Omg, I just realized that this warming up/cooling down inertia cycle I’ve been describing is the narrative structure we’ve been discussing in Joyce class the past few weeks. “A Portrait of the Artist as a Young Man” is also separated into five chapters, COINCIDENTALLY ENOUGH, each of which seems to frustratingly end exactly where it had begun. Although Stephen Dedalus (angsty hetero woman-fearing intellectual whiteboi protag) is doing stuff — going to school, fucking prostitutes, almost becoming a priest, comparing women to birds, mansplaining philosophy, writing bad poetry, you know — he never seems to evolve from it. There’s dramatic irony to this: through pattern, we learn that Stephen is forever doomed to stagnancy. The character development is paralyzed, and every chapter starts in the same introspective funk, unresponsive to the plot that continues to strike it. Visually, the book is like five identical circles in a row. Ask Ethan for more about this, it’s really interesting.

Anywho, I think “Crudo” is very much like five identical circles in a row. That’s the best answer I have for your question about character development. I just got massive deja vu while writing that sentence and I can’t place it. Weird.

I mentioned this briefly in person, but I’m very certain that much of the pause “Crudo” gives me is due to how personally attacked I felt while reading it. This sort of identification is always such a double-edged sword. There’s definite relief in seeing something kind of knotty about yourself in popular art, the solidarity of representation, yada yada. But it also gives you the unique distance to see exactly how difficult those qualities can be, like the age-old fantasy of getting to watch yourself go through a day from afar or as an onlooker (it also makes you feel less special, like is my internal struggle that basic? Sad).

So when Kathy describes herself as “a paragon of invincibility” with “all the cards,” absolutely wrecking this dude she’s sleeping with, afterwards “(sitting) on the couch composed and triumphant … now that was a successful relationship,” yeah, I felt a complicated sort of attacked. “Kathy loathed permeability, she wanted to be gilded,” and so do I, and it’s cool that I can connect to Kathy like that but now I’m seeing how our shared qualities may be a little abrasive to the people I’m close to, emotionally and physically. I very much felt the way I did the first time I watched “Frances Ha”: warm, less alone, but definitely reminded of how fucked I was.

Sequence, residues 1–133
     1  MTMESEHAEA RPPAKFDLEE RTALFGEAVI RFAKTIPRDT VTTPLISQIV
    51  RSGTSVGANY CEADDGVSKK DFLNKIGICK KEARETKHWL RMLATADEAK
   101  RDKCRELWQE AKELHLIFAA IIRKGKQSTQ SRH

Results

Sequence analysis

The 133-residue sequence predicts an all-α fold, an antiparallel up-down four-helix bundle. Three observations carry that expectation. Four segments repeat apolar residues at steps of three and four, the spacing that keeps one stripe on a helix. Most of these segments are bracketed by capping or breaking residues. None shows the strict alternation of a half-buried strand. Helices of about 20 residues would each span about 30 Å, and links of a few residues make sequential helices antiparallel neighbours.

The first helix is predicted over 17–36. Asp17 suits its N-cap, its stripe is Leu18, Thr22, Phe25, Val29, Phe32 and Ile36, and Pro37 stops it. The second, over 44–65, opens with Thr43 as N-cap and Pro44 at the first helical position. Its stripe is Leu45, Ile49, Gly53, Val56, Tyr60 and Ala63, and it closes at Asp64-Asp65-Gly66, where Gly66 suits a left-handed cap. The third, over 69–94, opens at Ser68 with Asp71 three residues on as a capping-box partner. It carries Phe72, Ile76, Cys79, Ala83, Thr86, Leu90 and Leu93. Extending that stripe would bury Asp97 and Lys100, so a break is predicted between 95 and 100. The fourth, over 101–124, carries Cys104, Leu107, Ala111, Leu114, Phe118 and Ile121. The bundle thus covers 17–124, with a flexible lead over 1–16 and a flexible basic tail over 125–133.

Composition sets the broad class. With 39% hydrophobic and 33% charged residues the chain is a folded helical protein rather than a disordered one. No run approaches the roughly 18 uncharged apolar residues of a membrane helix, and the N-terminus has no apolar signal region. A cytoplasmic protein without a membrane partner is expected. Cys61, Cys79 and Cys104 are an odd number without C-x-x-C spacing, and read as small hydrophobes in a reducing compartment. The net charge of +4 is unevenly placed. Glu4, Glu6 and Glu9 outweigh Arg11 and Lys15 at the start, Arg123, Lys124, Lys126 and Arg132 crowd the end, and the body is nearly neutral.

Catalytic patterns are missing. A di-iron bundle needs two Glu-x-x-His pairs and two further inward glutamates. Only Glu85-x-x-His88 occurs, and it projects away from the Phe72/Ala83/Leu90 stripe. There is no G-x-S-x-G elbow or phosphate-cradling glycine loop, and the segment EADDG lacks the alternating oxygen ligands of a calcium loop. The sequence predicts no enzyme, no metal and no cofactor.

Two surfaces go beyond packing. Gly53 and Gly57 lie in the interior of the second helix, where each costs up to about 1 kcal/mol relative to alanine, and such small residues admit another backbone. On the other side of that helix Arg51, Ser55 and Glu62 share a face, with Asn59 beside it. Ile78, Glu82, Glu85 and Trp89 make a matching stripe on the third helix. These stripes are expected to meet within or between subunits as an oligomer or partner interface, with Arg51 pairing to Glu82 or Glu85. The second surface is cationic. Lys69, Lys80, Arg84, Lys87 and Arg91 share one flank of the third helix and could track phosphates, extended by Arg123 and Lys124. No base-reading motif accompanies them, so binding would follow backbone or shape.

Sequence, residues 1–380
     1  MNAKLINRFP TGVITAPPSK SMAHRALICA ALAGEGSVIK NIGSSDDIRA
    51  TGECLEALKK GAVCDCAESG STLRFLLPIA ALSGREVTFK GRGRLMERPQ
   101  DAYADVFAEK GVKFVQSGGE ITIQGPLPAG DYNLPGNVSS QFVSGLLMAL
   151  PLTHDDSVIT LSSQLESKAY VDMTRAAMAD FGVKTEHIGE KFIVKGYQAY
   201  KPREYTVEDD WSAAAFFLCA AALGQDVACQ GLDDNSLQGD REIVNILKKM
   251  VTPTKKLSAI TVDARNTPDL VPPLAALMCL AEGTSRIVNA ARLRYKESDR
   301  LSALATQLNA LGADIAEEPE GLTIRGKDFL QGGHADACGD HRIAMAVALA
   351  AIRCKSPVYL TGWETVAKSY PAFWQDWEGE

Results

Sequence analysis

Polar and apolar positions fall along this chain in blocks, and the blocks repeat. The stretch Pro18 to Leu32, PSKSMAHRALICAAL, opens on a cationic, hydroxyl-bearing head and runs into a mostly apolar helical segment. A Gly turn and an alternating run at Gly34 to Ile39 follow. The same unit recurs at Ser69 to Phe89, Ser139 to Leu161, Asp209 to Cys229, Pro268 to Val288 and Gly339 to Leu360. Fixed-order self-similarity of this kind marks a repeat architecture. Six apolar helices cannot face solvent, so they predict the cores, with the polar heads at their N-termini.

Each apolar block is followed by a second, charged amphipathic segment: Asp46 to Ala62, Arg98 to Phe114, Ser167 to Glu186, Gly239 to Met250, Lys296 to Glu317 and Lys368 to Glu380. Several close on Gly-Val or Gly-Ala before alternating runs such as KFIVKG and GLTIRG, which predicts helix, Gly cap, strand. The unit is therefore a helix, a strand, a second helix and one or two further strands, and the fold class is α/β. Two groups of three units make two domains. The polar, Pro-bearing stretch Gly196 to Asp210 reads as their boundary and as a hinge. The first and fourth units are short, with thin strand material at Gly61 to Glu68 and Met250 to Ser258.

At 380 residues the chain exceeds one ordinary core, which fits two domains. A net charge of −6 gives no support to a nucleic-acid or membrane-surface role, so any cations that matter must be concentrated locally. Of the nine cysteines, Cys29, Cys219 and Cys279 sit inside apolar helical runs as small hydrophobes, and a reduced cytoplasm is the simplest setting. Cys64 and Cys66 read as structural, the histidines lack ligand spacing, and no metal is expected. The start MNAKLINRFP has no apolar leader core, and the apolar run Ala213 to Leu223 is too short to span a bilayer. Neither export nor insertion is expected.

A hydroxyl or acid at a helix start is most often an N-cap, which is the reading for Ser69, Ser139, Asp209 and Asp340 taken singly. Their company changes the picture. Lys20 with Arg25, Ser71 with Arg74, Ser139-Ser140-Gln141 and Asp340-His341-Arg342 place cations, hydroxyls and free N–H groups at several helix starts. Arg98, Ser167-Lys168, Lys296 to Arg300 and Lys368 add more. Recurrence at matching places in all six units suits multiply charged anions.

I texted you this, but writing this email has overwhelmed me with how much I suddenly have to say about “Crudo.” That’s always telling. And I have to add that I love how the wedding took place in the middle, I always felt that saving the wedding for the end was depressing and super lame/unrealistic (except the ending SUCKED. Take me up on that).

What did you think about all the social media and tech in this book? I always find the use of that language in literature so interesting — it divides readers but seems necessary because someone has to write about these times, right? They’re so weird! That’s what writing is for.

Also, did you know Laing’s Kathy is loosely based on Kathy Acker? I feel like an absolute fool, I had no clue until I read the fly leaf after I had finished the whole freaking novel, apparently it’s one of the biggest things about the book, HAHAHAHA.

I have worked myself into an interpretive froth about this. Reply soon.




I appreciate the overwhelming number of wonderfully stated descriptions in your email. While I may not be able to relate to Kathy as much as you, your comparison between reading “Crudo” and watching oneself as an onlooker (and the delightful and dire implications of this) really resonated. And I think that really, that’s why books are so monumental — they bid us to look at the good and the bad from different eyes, and sometimes that can be overwhelming.

Also, snaps to the “Frances Ha” nod.

I’ve been thinking about your mention of using social media in the plot of “Crudo” and I’ve come to this: Laing’s inclusion of social media and other relevant topics is fantastic, but unfamiliar also and therefore uncomfortable. I’m experiencing a similar phenomena in “Trump Sky Alpha.” While social media and Trumpism commentary has burned slowly into short stories and literary magazines, it’s still rare to see in novel format. So it was strange to read about Kathy’s constant respites to Twitter and her reaction to the overflow of gasp-inducing news on the daily, because these things haven’t been examined much before. What’s more, I think that this reflection of society right now was equally appalling and intriguing for the reasons you talked about earlier — it’s a crude reflection of what we’re all doing so mindlessly. This contemporary reflection on Kathy was an interesting way to digest some of the big events of the last two years, and Laing provided what I think is an honorable depiction of the world today. It was weird, but that doesn’t mean it was substandard.